Have you noticed the shoes worn by children that light up as they run? Kids love the flashing light show put on by their shoes and parents love the fact that no batteries are needed. So, if there are no batteries, where does the electricity come from to spark the lights? The answer is “piezoelectricity.”

Electricity is the movement of electrons. Electrons are the smallest and outermost part of the atom and thus are very mobile. A few moving electrons can communicate information precisely. A lot of flowing electrons can transfer energy in massive quantities. In our modern society we use electrons in both roles.

Piezoelectricity is created by deforming a crystal.

Piezoelectricity is electricity created by pressure. The word comes from the Greek peizein, which means to squeeze or compress. No batteries required. The piezoelectric phenomenon has been known for hundreds of years and was given its name in 1824 by David Brewster.

Certain kinds of crystals, when subjected to deforming stress, create electrical fields (measured in volts per meter) or cause electricity to flow (measured in amps). The reverse can also happen: when an electric field is applied to these crystals they will bend in response – the stronger the field the greater the deformation; the greater the stress – the stronger the field.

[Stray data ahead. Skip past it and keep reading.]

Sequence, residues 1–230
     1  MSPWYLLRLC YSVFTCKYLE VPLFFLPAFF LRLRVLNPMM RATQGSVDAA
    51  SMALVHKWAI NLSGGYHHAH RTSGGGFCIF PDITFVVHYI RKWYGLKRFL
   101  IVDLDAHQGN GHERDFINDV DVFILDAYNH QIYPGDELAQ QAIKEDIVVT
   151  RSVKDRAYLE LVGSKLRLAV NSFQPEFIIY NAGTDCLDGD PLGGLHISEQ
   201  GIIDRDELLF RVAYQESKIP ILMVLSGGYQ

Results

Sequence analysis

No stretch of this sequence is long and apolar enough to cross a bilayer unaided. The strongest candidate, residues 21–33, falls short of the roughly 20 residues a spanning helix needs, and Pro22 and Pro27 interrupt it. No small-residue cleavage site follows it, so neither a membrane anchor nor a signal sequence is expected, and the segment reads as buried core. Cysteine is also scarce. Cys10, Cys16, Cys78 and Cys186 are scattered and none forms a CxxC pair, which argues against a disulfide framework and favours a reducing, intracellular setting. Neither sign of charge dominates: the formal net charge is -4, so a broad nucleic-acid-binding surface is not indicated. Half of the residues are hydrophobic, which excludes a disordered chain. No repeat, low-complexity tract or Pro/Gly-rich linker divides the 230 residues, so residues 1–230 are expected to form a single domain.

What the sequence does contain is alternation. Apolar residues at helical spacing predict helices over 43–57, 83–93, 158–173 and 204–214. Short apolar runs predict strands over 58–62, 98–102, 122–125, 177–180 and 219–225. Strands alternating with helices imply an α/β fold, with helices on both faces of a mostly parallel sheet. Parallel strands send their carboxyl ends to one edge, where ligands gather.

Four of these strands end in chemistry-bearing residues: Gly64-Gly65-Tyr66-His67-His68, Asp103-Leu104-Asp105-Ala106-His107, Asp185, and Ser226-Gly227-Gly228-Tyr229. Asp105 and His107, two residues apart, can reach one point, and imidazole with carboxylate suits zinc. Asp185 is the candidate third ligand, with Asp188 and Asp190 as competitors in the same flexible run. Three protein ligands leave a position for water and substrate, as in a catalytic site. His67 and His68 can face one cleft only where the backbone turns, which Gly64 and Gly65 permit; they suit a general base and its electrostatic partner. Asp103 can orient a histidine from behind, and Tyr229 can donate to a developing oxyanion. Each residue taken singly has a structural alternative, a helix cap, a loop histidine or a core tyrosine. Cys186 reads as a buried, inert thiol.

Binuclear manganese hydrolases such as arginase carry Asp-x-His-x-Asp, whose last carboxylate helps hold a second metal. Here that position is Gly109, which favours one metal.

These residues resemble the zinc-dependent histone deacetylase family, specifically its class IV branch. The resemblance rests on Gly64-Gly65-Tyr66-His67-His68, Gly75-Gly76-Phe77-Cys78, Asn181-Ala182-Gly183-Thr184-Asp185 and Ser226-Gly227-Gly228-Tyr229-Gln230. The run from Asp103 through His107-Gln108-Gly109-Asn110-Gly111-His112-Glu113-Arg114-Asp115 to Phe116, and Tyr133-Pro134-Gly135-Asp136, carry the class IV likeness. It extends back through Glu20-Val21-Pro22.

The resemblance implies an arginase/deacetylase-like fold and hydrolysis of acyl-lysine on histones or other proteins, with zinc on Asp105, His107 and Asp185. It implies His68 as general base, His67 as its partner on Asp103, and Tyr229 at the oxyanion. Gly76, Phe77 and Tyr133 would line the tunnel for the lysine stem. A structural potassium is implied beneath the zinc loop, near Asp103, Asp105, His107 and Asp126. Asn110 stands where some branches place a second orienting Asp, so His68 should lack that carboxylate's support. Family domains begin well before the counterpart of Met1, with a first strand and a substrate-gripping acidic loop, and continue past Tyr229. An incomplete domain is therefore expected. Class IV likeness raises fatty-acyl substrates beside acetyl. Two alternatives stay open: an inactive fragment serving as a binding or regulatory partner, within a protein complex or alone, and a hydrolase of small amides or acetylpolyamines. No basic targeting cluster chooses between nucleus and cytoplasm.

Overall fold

Our eyes and muscles under the microscope reveal their crystalline structure.

Piezoelectric crystals do not need to be recharged. When they resume their original shape the energy potential ends – when they are deformed again the field is regenerated. This wonderful ability of some crystals has been exploited in many technologies today – from the light show in shoes to lighting your barbeque, from electric microphones to sophisticated sonar systems – piezoelectricity has become commonplace

A crystal is a structured array of molecules repeated throughout the material. A crystal of salt is a simple cubic lattice of sodium and chloride atoms. Diamonds are arrayed in interlocking tetrahedral pyramids of carbon atoms. What is often overlooked is that tissues in our body are also aligned in structured, repeating patterns. The molecules of our muscles, bones, eyes, cell membranes, collagen, elastin, even our DNA all have crystal-like structure.

James Oschman, in his two excellent books summarizing scientific research into energy medicine, states that the living tissues of our bodies are best described as liquid crystals.

Liquid crystals, as he explains, [1] are “materials that are intermediate between solids and liquids and display properties of both.” He goes on to explain that virtually the whole body is composed of materials arranged in a liquid crystal form and cites several studies confirming this model.